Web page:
Author Topic: Children's Menus  (Read 3728 times)

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jpcher

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Re: Children's Menus
« Reply #15 on: August 09, 2013, 05:29:11 PM »
I can't find t now, but I saw a saw a photo pop up in my twitter feed recently, of a children's menu where one option was "the bandit option - we provide plate and cutlery and you steal food from your parents plates"

(menu was in English with prices in euros so I'm guessing it was maybe from Ireland)

It seemed like a nice idea!

I guess so... if you want to undo all your previous etiquette lessons.   :-\

How? I'm pretty sure the "bandit" wording was just funny copy for the menu, and that nobody'd actually order that unless they were actually OK with sharing their food with their kid...ergo the kid's not really "stealing," just sharing.

I saw that photo, too, and giggled at it. I thought it was a great idea . . . several posters mentioned asking for an extra plate so the child can share off of your entree.

edited: If I recall, the menu was somewhat pirate-themed and the other dishes on the children's menu also had fun-themed names to them.I was wrong about the theme. Here's a link to the photo I saw, although when I saw the photo it didn't have the text attached. I'm curious about the last line of the text "Unfortunately, with the exchange rate, 0 Euros is still $15.99."

http://www.happyplace.com/25554/kids-menu-offers-bandit-plate-for-kids-to-steal-parents-food-onto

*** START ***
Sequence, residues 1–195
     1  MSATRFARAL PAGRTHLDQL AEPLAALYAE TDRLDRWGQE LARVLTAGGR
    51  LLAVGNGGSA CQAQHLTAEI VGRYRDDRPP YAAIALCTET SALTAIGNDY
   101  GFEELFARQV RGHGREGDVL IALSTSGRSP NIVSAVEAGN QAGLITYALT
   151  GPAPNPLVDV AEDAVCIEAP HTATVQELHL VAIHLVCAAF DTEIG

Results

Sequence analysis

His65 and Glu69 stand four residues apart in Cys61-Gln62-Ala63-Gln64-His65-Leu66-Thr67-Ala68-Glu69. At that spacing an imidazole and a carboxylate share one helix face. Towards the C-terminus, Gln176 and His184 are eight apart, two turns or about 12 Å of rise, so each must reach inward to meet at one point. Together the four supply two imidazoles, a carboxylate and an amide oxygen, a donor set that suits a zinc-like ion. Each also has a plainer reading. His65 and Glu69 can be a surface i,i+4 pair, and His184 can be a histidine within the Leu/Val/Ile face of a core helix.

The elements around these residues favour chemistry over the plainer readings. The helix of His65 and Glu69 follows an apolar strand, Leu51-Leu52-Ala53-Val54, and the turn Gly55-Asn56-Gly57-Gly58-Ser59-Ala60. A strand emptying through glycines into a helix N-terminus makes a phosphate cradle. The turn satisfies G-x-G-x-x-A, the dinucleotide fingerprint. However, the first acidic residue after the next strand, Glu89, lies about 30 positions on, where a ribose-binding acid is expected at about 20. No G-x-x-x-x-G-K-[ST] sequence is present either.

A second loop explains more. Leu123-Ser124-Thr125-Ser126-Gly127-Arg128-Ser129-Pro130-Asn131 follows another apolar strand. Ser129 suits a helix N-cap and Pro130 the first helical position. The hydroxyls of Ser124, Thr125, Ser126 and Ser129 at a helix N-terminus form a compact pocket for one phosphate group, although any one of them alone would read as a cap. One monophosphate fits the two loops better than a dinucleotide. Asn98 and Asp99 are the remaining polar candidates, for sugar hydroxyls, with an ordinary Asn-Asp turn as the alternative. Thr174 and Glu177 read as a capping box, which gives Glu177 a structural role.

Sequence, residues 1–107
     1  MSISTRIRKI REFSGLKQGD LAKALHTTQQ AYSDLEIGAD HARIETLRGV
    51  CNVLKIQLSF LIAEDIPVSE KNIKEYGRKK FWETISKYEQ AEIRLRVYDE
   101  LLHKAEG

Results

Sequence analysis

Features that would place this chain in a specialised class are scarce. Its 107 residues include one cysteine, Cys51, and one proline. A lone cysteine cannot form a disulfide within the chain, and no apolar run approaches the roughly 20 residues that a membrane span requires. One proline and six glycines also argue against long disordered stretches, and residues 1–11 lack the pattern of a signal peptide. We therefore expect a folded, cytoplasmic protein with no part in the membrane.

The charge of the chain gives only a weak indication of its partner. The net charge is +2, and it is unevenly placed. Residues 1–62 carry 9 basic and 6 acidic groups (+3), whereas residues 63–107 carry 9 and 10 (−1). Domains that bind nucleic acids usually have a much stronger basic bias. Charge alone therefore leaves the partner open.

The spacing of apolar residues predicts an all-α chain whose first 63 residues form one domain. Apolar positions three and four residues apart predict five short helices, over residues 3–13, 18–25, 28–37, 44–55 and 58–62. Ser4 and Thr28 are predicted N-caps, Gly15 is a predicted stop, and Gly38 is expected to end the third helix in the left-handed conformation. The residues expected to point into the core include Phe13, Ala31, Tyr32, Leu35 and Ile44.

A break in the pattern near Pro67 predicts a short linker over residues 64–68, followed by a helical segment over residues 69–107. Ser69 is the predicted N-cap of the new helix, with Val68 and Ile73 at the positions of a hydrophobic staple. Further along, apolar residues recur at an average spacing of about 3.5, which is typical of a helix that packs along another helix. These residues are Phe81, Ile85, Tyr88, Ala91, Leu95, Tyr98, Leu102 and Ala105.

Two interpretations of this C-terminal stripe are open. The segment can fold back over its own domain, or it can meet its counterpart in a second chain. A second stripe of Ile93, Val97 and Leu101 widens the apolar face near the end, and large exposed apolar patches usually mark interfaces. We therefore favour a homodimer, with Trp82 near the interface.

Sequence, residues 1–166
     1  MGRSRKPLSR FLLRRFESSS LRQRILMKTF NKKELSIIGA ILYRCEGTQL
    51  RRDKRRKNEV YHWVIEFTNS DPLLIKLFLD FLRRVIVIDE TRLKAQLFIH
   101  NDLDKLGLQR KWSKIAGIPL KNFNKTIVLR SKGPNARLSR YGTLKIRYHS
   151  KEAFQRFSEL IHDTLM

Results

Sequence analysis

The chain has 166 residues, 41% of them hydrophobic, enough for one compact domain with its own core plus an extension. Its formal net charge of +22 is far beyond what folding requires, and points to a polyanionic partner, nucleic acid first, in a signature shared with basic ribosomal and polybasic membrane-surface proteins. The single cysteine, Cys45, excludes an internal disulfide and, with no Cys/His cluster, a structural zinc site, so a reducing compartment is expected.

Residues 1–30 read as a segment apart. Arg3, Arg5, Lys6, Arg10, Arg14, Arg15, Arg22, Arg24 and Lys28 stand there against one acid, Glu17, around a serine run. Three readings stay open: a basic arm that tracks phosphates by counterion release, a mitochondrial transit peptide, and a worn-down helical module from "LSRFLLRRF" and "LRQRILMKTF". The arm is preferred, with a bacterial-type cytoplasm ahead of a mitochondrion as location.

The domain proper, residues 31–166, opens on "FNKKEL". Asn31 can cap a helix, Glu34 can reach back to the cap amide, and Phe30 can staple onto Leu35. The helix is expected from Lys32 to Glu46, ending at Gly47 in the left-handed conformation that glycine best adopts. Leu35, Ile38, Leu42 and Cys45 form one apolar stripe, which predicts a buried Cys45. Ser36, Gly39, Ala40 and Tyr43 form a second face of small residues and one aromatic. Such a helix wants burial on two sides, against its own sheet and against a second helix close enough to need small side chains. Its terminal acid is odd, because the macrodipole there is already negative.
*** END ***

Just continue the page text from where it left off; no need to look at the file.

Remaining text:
So, I do see Venus193's point about the wording. Not quite etiquette-correct, but still cute, in my book.
/end edit.


Oh, and the price for ordering this "dish" was 0 euros.
« Last Edit: August 09, 2013, 05:44:12 PM by jpcher »

Yvaine

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Re: Children's Menus
« Reply #16 on: August 09, 2013, 05:41:56 PM »
Probably also a tongue-in-cheek way of saying they know some people are already doing this, and they don't need to lie about it or anything; the restaurant is ok with it.

Deetee

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Re: Children's Menus
« Reply #17 on: August 09, 2013, 05:50:24 PM »
I can't find t now, but I saw a saw a photo pop up in my twitter feed recently, of a children's menu where one option was "the bandit option - we provide plate and cutlery and you steal food from your parents plates"

(menu was in English with prices in euros so I'm guessing it was maybe from Ireland)

It seemed like a nice idea!

I guess so... if you want to undo all your previous etiquette lessons.   :-\

How? I'm pretty sure the "bandit" wording was just funny copy for the menu, and that nobody'd actually order that unless they were actually OK with sharing their food with their kid...ergo the kid's not really "stealing," just sharing.


I agree. It's just a neat way of saying they'll provide cutlery and plate for the kid and are happy to do so. I think it's great. I feel a bit odd asking for extra and often end up serving my kid off a saucer with a coffee spoon or some such.